Business Overview

Established, turn-key Central Texas construction/framing company featuring 10% revenue growth in 2020, despite COVID, and 13.25% average 4-year margins, with $534,179 average 4-year EBITDA. Loyal, diverse customer base and solid management team will remain in place. Great opportunity to seize the exploding Austin Metro construction market, with plenty of opportunities for expansion!

Loyal client base, with half of top 10 clients served for at least 3 of the last 4 years, and more than 50% of revenues spread across top 10 clients.

Tremendous opportunity for expansion in the exploding Austin Metro, by adding territory and expanding commercial and residential market penetration.

5,268 SF purpose-built office/warehouse building with 1 acre yard.

Financial

  • Asking Price: $2,350,000
  • Cash Flow: N/A
  • Gross Revenue: $8,203,870
  • EBITDA: $571,573
  • FF&E: $170,870
  • Inventory: N/A
  • Inventory Included: N/A
  • Established: 2005

Detailed Information

  • Property Owned or Leased:N/A
  • Property Included:N/A
  • Building Square Footage:5,268
  • Lot Size:N/A
  • Total Number of Employees:3
  • Furniture, Fixtures and Equipment:N/A
Is Support & Training Included:

12 weeks

Purpose For Selling:

Retirement

Additional Info

The business was established in 2005, making the business 17 years old.

The business has 3 employees and resides in a building with approx. square footage of 5,268 sq ft.
The property is leased by the company for $4,000 per Month

Why is the Current Owner Selling The Business?

There are all types of reasons individuals resolve to sell operating businesses. Nonetheless, the true factor and the one they say to you might be 2 completely different things. For instance, they might state "I have a lot of other obligations" or "I am retiring". For numerous sellers, these reasons are valid. But, for some, these might simply be reasons to attempt to hide the reality of altering demographics, increased competition, current decrease in incomes, or an array of various other factors. This is why it is extremely crucial that you not count totally on a vendor's word, yet rather, utilize the vendor's response together with your total due diligence. This will repaint a more sensible picture of the business's current situation.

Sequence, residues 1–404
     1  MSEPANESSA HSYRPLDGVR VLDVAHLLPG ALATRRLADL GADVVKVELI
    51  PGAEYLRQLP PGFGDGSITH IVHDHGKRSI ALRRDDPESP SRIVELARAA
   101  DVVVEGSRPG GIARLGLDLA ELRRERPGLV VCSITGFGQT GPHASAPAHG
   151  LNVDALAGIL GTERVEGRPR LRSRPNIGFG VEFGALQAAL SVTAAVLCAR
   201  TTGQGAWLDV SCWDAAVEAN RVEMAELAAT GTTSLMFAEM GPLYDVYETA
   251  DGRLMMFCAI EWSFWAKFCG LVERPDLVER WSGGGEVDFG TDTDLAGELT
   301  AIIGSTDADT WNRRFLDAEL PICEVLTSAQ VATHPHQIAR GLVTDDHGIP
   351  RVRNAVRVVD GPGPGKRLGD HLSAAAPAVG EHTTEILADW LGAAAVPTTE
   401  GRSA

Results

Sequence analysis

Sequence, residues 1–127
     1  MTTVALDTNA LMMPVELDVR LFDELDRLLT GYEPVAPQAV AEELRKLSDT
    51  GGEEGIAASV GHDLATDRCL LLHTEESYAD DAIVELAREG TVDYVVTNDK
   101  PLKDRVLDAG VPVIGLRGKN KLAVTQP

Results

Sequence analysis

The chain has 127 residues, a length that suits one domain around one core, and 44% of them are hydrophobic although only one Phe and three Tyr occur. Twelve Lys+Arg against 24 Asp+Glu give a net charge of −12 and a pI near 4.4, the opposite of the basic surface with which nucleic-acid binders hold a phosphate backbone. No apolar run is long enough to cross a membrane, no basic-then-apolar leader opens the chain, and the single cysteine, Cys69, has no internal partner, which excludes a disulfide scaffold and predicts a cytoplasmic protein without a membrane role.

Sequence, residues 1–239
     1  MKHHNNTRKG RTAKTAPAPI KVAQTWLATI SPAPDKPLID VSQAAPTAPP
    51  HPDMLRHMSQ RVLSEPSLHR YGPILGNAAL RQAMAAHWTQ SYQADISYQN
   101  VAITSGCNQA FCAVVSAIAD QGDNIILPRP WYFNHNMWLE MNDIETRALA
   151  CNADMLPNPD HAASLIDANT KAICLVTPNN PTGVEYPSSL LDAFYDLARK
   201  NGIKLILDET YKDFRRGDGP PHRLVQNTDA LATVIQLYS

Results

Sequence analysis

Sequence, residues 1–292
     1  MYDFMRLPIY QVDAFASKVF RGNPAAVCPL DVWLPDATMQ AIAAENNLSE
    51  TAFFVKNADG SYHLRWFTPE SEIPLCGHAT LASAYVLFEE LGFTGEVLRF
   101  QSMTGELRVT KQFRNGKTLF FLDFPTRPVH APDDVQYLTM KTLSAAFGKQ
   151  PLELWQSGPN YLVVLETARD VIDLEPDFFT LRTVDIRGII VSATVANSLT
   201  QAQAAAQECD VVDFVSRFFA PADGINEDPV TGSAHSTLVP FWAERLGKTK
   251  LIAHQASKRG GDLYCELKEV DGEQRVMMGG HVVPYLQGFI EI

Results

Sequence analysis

Existing Debts and Future Obligations

If the existing entity is in debt, which lots of businesses are, then you will have reason to consider this when valuating/preparing your deal. Lots of operating businesses borrow money with the purpose of covering items like stock, payroll, accounts payable, so on and so forth. Remember that in some cases this can imply that revenue margins are too small. Lots of businesses come under a revolving door of taking loans as a way to pay back other loans. Along with debts, there may additionally be future obligations to take into consideration. There may be an outstanding lease on equipment or the structure where the business resides. The business might have existing contracts with vendors that have to be met or may cause penalties if terminated early.

Understanding the Customer Base, Competition and Area Demographics

Just how do operating businesses in the area bring in brand-new consumers? Often times, operating businesses have repeat consumers, which create the core of their everyday profits. Certain elements such as brand-new competition growing up around the location, road building and construction, and also personnel turnover can impact repeat customers and also negatively impact future revenues. One important thing to think about is the area of the business. Is it in an extremely trafficked shopping center, or is it hidden from the highway? Undoubtedly, the more people that see the business regularly, the greater the opportunity to construct a returning consumer base. A last idea is the general location demographics. Is the business placed in a densely populated city, or is it situated on the edge of town? Exactly how might the local mean house income effect future income prospects?